The year was 1863.
Southern forces, under Robert E. Lee, faced a tough task in stemming off an invasion of Union troops, led by General John Hooker.
The Southerners were outnumbered. They had fewer supplies. And, they faced a brave and determined foe.
So, what did Lee do? In a move that still astounds military historians today, he split his force against the larger foe.
T hen he attacked.
The results? A resounding victory at the Battle of Chancellorsville.
Well, the year is 2010. And, while it is certainly not as important as the American Civil War (otherwise known as the War of the Rebellion or the War of Northern Aggression, depending on which side of the Mason-Dixon line one hails from), storm clouds are gathering in the world of college football.
Those clouds portend bad mojo for the Mountain West.
Well armed foes are on the move.
The Big Ten (plus Uno) Conference is making noise about invading other BCS foes in order to build up to 12, or even 16 teams.
Other BCS conferences are also pouring over strategy tables, figuring out how to slice and dice the college football map to gather the most territory and television revenue.
The “little” conferences, the Mountain West, Conference USA, and WAC, are supposed to just sit there like pawns on the big guys' chessboard, waiting to see what happens.
Which means they’ll just get their good parts carved off, and be left to rot like carrion on the beach of big time football life.
It doesn't have to be that way. The Mountain West should take a page out of Robert E. Lee’s book.
Audaciously attack in the face of the enemy.
If done properly, a Mountain West expansion could secure that prized cow. A BCS bid.
As such, it would allow the league to tear up its current television contract, renegotiating to increase the spoils of war that emanate from the networks chest of booty.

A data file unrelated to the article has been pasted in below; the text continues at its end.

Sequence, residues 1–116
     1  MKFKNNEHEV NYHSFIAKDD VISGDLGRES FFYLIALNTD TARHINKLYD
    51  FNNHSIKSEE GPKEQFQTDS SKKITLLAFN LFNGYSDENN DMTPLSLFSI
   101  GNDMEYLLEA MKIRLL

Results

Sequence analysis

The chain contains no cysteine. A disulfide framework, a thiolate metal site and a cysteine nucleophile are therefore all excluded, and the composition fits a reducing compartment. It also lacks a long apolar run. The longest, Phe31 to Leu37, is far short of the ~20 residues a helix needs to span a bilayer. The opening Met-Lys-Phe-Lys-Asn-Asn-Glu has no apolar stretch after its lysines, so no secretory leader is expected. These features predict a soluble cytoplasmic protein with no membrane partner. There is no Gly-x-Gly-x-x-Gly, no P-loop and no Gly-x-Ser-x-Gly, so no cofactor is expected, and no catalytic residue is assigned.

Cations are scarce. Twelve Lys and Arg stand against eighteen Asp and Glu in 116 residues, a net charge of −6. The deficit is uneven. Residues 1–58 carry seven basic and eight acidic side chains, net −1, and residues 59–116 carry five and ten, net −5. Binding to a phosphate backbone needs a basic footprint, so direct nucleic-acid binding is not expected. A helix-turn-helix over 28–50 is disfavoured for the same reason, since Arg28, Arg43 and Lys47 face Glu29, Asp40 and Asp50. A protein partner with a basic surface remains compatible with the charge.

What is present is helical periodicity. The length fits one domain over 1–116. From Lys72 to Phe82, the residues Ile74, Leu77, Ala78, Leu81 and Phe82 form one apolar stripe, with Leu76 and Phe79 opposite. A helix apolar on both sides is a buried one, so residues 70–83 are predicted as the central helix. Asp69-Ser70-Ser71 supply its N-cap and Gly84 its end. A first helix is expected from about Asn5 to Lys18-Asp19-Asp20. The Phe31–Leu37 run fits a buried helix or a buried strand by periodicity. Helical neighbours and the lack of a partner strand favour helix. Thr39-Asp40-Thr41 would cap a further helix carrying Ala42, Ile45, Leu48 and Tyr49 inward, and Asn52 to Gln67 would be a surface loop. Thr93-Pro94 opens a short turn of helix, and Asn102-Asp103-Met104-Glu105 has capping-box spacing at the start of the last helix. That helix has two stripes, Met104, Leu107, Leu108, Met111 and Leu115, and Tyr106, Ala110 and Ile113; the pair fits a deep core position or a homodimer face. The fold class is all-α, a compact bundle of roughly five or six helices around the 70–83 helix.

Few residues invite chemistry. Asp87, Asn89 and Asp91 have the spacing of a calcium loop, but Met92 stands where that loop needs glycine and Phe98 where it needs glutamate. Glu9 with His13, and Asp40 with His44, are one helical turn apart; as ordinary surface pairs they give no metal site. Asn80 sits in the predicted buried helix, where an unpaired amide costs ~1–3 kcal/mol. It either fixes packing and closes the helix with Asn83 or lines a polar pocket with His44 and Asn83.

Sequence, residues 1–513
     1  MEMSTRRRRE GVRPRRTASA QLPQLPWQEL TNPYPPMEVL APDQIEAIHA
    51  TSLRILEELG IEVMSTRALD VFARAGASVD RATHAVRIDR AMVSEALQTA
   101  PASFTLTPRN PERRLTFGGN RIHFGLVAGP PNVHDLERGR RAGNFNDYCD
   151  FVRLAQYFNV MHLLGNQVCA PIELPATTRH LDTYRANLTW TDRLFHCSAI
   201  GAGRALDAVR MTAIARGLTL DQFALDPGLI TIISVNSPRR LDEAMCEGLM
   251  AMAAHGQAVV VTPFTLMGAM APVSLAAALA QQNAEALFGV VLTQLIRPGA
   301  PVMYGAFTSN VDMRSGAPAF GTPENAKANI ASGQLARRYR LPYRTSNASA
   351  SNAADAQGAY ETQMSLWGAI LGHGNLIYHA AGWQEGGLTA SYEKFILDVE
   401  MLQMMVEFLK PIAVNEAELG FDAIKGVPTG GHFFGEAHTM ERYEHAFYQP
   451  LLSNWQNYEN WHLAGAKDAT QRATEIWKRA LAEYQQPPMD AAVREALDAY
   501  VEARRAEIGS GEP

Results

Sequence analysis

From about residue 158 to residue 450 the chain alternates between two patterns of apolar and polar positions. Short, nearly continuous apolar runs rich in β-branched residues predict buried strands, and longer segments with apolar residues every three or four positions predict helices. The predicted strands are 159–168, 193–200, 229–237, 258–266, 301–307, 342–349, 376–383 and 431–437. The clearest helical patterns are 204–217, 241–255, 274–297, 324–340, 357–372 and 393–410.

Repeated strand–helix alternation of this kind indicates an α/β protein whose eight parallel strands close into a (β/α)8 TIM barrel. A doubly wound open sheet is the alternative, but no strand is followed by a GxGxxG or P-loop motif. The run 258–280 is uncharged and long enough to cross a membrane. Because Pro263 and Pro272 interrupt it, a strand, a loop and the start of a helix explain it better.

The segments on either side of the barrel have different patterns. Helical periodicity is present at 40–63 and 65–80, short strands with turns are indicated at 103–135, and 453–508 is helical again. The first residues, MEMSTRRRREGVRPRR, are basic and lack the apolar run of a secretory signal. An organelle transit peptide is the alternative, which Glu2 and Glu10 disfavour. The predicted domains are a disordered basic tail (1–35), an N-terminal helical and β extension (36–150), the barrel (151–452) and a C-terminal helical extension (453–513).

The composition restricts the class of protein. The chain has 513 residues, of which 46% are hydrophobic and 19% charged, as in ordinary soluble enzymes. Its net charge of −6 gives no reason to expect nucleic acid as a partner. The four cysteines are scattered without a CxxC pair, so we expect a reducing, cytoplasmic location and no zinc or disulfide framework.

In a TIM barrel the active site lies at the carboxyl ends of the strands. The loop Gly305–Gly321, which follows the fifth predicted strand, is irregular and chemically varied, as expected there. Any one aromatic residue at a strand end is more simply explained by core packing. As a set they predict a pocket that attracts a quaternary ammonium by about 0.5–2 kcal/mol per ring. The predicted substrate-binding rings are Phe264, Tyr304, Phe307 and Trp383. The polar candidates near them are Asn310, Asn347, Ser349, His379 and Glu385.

So, how to go about it?
Secure the left flank. Grab Boise State from the WAC.
Sure, they suck at all other sports except football. Their field is small. And the blue turf (yuk).
But, they have become a presence on the gridiron, virtually guaranteeing to add some beef to the Mountain West football line-up.
They also make geographical sense, being a natural rival for the Mountain West schools on the front range, including Utah, BYU, Air Force, Colorado State, and Wyoming.
Secure the right flank. Grab Houston from Conference USA.
Houston brings not only an up and coming football program, but also NCAA tourney quality men’s and women’s hoops.
Houston also provides a good rival to TCU and New Mexico in all sports, including quality baseball, an important component of those schools sport programs.
T he school is obviously situated in the huge Houston market, allowing the league to poach into that lucrative area to some extent.
Then audaciously attack. A presumptive strike.Take and hold the high ground.
Grab Colorado from the Big 12. I know, I know. People will say, “Colorado? No way.”
I say…"Yes, way”. Think about it. Why not?
It makes sense from a market standpoint. Colorado is currently the odd duck in the Big 12, both geographically and culturally. They would be a fine fit for the Mountain West (heck, the state license plate even features the Rockies).
The Buffs would have built-in rivals with Colorado State and Air Force (indeed, they already play Colorado State annually). The move would lock up both the fast growing Denver and Colorado state markets.
They would retain a presence in the fertile recruiting ground of Texas, since TCU and Houston would be there.
What about money?
Well, if the attack is successful, the league will be able to rewrite its TV contracts, and also become a BCS conference.
The money would be there.
The Mountain West would have a firm hold on the major market cities of Salt Lake, Denver, and Las Vegas, the mid-market cities of Boise and Albuquerque, a major presence in the huge markets of DFW and Houston, and a presence in San Diego.
The move would create a virtual lock on the fast growing western states of Colorado, Utah, Nevada, and Idaho, securing a major presence in the fast growing states of Texas and New Mexico. They'd also have a presence in Southern California.
Advertisers just love the demographics, and population increases in these areas.
Thus, as previously mentioned, the money should be there.
The Mountain West should take a shot. Expand to 12. Grab some teams.
Don’t be afraid to take on the big ol’ 800 pound gorilla called the Big 12.
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